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Change comes slowly at Augusta National. Study the 80-year history of the golf course, and you'll find dramatic finishes at the Masters tournament, but not all that much else. Occasionally, the club adds a couple of sand traps, but they don't lightly change the azaleas, the sense of tradition or the exclusive private club membership: not until now has the club admitted women members. A South Carolina banker and former Secretary of State Condoleezza Rice become the first. NPR's Kathy Lohr reports.
KATHY LOHR, BYLINE: For decades, Augusta National has been called a boy's club, its famous green jackets donned only by its all-male members. A decade ago, Martha Burk, with the National Council of Women's Organizations, made the subject a national issue.
MARTHA BURK: Discrimination against women is wrong, and this is a very high-profile venue for discrimination against women.
LOHR: But back then, the chair of Augusta National, Hootie Johnson, said members would not be bullied, threatened or intimidated. He said women might be invited to join one day, but not at the point of a bayonet.
HOOTIE JOHNSON: If I drop dead, our position will not change on this issue. It's not my issue alone. And I promise you what I'm saying, is if I drop dead this second, our position will not change.
LOHR: A 2003 demonstration in Augusta drew only a couple of dozen of protestors. And three years later, a younger chairman, Billy Payne, took over. He helped bring the Olympics to Atlanta. But the pressure to admit women remained high, and Payne declined to talk about the issue many times, including earlier this year just before the prestigious Masters tournament in April.
BILLY PAYNE: All issues of membership are now and have been historically subject to the private deliberations of members, and that statement remains accurate and it remains my statement.
LOHR: But four months later, Payne announced the admission of the club's first two women, saying it's a significant and positive time in the club's history. He called it a, quote, "joyous occasion," but didn't say why they made the change now.
The first two female members are former Secretary of State Condoleezza Rice, now a professor at Stanford University, and South Carolina businesswoman Darla Moore. Moore was the first woman to make the cover of Fortune magazine and is vice president of a private investment company. Augusta National opened in 1932, and did not have a black member until 1990. Women were not allowed to be members, and could only play golf as guests.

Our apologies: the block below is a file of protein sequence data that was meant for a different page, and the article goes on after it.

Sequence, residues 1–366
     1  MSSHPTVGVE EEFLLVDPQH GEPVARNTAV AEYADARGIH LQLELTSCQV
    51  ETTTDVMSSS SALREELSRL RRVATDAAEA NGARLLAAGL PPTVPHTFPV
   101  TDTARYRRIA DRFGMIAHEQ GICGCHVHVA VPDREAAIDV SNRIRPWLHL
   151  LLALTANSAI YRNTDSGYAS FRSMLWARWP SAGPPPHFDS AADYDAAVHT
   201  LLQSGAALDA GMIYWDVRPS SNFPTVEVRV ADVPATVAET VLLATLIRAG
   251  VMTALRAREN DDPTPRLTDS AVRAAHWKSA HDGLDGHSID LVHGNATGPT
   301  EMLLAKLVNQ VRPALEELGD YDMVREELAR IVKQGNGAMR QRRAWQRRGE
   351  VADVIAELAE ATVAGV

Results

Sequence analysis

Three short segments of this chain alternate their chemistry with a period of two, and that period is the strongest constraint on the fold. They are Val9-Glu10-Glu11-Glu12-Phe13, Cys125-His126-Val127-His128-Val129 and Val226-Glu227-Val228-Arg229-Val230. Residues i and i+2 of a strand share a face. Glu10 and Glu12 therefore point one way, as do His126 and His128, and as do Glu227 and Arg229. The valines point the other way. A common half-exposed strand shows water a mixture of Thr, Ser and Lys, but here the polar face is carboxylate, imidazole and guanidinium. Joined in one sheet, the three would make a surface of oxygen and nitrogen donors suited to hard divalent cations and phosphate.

DEBORAH FRETT: My first reaction is: It's about time.
LOHR: Deborah Frett is CEO of the Business and Professional Women's Foundation, and supported the protests at Augusta a decade ago.
FRETT: It was never really about golf. It's always been about power and keeping women out of the halls of power and away from where decisions, you know, business decisions are made. So, you know, because, I mean, we all know that corporate leaders can publicly participate in activities that keep women out, that that becomes an issue and it makes a public statement about a not-so-level playing field and then, you know, and the value of women workers.
LOHR: IBM has been a long-time supporter of the Master's tournament, and the past four CEOs of the company were invited to join. The latest IBM president is a woman, Virginia Rometty, and some felt that would help persuade Augusta National to begin inviting women. But so far, Rometty, who doesn't golf much, has not been offered a membership. IBM did not return calls seeking comment. Augusta National officials say they plan to present both of their new women members with the club's famous green jacket this fall.
Kathy Lohr, NPR News, Atlanta. Transcript provided by NPR, Copyright National Public Radio.